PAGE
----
A laboratory technician with “terrorist motivations” who collected documents on how to make homemade explosives and weapons has avoided a prison sentence.

Charles Cannon was convicted of seven charges of possessing terrorist information dating back to when he was 16 and 17 years old.

Ben Isaacs, prosecuting, told Winchester Crown Court that the 22-year-old, of Aldershot, Hampshire, had a “dangerous mindset”.

He told the court that Cannon had sent a message saying “I am not a virgin but I am a terrorist”.

He added: “He mocked up a Nazi party membership card and put his name on it.

“He repeated on many occasions antisemitic tropes, he said he would kill when speaking about people of colour, he spoke enthusiastically of the stabbing of asylum seekers.

“This is not a case of mimicking. Mr Cannon did have terrorist motivations and the suggestion this was balanced out by pro-LGBTQ views simply doesn’t stand up to scrutiny.”

Sentencing Cannon to 18 months in prison suspended for two years, Judge Jane Miller KC told the defendant: “It’s clear that you held, and likely still do harbour, extremist and hateful views.”

But she said that she had taken in consideration his age when the offences were committed and his mental health and lack of previous convictions when deciding to suspend the prison sentence.

Mr Isaacs told the trial that Cannon, who has autism, was stopped at Luton airport under terrorism regulations in August 2020 and a search of his phone found the guide on making explosives.

He said that further searches of his devices and his computer at his home uncovered the other documents as well as racist, antisemitic and misogynistic messages on social media.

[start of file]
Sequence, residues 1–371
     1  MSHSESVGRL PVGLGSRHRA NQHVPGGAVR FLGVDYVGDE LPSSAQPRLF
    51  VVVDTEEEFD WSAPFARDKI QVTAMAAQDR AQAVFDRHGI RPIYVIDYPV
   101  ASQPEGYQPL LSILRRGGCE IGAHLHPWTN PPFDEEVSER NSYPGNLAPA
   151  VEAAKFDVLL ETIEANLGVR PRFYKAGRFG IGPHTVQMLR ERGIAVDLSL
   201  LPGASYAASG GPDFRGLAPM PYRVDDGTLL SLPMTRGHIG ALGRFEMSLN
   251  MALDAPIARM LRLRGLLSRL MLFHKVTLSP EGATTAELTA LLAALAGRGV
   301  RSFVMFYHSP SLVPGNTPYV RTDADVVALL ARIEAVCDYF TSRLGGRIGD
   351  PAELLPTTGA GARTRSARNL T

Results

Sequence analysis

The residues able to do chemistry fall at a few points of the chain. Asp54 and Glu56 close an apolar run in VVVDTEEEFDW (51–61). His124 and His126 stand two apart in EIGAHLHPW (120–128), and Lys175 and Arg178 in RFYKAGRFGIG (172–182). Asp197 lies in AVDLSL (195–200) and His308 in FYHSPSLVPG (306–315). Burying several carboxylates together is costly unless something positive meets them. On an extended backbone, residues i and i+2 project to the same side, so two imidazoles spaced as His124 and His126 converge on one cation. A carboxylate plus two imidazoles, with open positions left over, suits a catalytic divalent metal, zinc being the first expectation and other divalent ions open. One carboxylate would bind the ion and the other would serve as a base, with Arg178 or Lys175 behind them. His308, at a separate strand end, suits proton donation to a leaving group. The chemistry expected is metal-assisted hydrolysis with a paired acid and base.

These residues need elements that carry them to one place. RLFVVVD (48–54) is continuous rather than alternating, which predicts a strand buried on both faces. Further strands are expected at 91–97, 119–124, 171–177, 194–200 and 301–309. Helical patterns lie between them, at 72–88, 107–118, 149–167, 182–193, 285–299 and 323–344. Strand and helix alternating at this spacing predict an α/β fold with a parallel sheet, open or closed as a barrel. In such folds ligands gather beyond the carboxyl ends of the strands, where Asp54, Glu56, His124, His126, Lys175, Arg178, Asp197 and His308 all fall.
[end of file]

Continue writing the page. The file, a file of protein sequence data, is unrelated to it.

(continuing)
The documents found on his computer included guides on homemade explosives, “unconventional warfare devices and techniques”, and “booby traps”.

Giving evidence, Cannon said that he had downloaded the files as part of a cache of documents on a file-sharing website which were part of a collection created in the name of Uncle Fester – the pseudonym of Steve Preisler who produced books on the manufacture of methamphetamine in the 1980s and was jailed for possession of the illegal drug.

He said he had wanted to research the production of the drug as part of his fixation on the show Breaking Bad which tells the story of a teacher who starts making the drug to fund his cancer treatment.

Cannon admitted that he had previously held “vile and disgusting” views but his politics had changed under the influence of his Brazilian wife whom he married a year ago.

The former Catholic school pupil, who went on to work for Procter & Gamble after leaving school, said: “I used to believe in some very vile and disgusting things but she has changed me for the better.”